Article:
Generic Medicines – What They Are and What They Mean for the Public

Patients now have a choice. (photo from http://www.fornewdrugs.com/Generic_Drugs.html)

Health is wealth, and for some, this adage has become too literal. Getting sick means shelling a lot of money for doctor consultations, hospital and laboratory fees and expensive medicines. I was one of those who regarded the unbranded drugs with suspicion, thinking they’re less effective if they’re not that expensive. It was just   recently, when I started living on my own, that I became conscious on where I spend my hard-earned money. I got sick with urinary tract infection, and normally I’d just shrug at how much would antibiotics cost but would nevertheless buy them. But living on my own made me think thrice (not just twice, mind you) about choosing between the expensive branded ones generic ones. Do we really need to pay for expensive medicines when generic alternatives, as generic drugs stores claim, are as effective but half the price tag, are available?

What are generic drugs?

According to US Food and Drug Administration (FDA), generic drugs are any drug products that are comparable to a branded or reference-listed product in dosage form, strength, route in administration, quality and performance characteristics and intended use. Generic drugs are medicines identical to their branded versions except in name. The branded drug carries a proper name on its label, while the generic drug only carries the chemical name and the name of the manufacturer.  Both, though, are the same in terms of active ingredients and formulation.

Why are generic drugs cheaper?

When a drug first comes out in the market, the company that invested in its research and development is awarded the protection of a patent for about 20 years – intended for return of investment. This means that the manufacturing and distribution is initially exclusive to the pharmaceutical company that poured billions of dollars into its research and development, which is understandable – developing a new product and testing it in large-scales trials doesn’t come cheap. Once the patents expire, other companies are free to reproduce the formulation at reduced cost- they only need to cover for manufacturing costs – as research and testing would no longer be necessary. Competition among pharmaceutical companies adds further reduction to the price of generic medicines.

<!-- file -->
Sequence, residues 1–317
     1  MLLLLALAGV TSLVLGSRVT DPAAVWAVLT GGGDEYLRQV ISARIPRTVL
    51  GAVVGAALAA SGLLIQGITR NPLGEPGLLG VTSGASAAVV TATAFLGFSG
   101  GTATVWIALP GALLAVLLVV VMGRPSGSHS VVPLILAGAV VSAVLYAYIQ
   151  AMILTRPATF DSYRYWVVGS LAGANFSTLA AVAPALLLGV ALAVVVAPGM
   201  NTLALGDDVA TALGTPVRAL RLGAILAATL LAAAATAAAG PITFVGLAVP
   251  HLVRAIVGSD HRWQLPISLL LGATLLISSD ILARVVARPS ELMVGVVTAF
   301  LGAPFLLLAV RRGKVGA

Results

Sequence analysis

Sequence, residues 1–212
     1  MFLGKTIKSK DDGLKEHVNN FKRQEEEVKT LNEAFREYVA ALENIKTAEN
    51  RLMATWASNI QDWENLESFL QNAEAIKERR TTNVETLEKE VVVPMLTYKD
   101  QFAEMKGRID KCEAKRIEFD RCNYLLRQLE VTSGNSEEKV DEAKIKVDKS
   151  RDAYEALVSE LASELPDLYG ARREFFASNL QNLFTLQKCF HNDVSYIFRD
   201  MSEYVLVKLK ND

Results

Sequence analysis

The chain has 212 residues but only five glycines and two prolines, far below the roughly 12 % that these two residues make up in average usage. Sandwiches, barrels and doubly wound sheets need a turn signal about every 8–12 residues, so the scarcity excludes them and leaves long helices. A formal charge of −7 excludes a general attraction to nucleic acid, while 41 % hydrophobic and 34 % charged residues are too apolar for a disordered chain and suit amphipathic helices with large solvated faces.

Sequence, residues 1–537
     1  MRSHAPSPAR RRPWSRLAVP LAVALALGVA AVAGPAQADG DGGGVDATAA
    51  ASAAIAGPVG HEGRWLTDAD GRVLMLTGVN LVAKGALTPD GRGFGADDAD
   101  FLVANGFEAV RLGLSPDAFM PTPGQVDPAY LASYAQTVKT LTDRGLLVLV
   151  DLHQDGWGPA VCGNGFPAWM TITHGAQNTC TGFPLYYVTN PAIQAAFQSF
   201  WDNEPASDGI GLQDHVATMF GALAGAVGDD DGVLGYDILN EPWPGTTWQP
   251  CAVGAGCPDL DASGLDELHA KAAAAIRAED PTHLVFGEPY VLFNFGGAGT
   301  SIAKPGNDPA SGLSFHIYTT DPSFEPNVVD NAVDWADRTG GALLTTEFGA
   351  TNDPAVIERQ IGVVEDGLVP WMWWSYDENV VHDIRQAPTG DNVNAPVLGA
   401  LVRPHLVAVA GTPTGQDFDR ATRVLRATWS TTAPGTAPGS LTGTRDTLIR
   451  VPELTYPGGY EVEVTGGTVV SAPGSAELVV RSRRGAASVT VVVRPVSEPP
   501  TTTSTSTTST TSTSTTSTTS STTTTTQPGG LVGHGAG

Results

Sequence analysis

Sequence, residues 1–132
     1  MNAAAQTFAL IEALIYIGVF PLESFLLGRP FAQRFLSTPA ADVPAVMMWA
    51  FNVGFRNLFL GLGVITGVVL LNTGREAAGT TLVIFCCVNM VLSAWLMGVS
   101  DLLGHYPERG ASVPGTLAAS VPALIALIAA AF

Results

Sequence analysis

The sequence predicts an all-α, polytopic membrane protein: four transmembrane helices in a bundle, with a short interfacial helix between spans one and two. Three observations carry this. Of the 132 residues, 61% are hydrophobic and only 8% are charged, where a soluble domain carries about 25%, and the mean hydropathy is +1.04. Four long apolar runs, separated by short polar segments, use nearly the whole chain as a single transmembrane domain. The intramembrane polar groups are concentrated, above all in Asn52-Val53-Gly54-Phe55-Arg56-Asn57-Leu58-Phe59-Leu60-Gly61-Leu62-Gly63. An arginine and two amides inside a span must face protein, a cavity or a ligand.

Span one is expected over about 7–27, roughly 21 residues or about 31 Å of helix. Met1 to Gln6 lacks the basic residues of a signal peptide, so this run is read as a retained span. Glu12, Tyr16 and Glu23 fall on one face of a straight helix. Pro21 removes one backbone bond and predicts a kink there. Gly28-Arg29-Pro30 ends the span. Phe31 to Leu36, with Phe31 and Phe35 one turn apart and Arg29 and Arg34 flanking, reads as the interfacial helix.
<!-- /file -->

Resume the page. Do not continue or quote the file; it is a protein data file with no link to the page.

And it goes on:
Are they safe? Generic drugs are the same as their branded counterparts in terms of quality, efficacy and safety as still need to pass FDA requirements before  they are distributed. This assures consumers of their quality, safety and effectiveness. You can trust generic medicines if they are:

Patients now have a choice. (photo from http://www.fornewdrugs.com/Generic_Drugs.html)
Patients now have a choice. (photo from http://www.fornewdrugs.com/Generic_Drugs.html)
  • Manufactured by a trusted pharmaceutical company.
  • FDA-approved.
  • Sold by a reputable pharmaceutical retailer.

Generic brands do not have much difference from the branded ones, as long as they have the same generic name and dosage strength. Generic brands are required to have the same quality, strength, purity, stability and efficacy as that of their branded counterparts. They use the same component as that of branded medicines, so the action of generic drugs in the body is expected to be similar to that of the expensive ones.

Do all medicines have generic counterparts? Not all brands have generic counterparts, especially those that are new in the market. It takes some time before patents that protect the drug developer expire.

To be safe, you can always ask your physician or the store’s pharmacist. Educating ourselves will allow us to make informed choices, especially when it concerns our health.

 

Web References:

 

www.healthtoday.net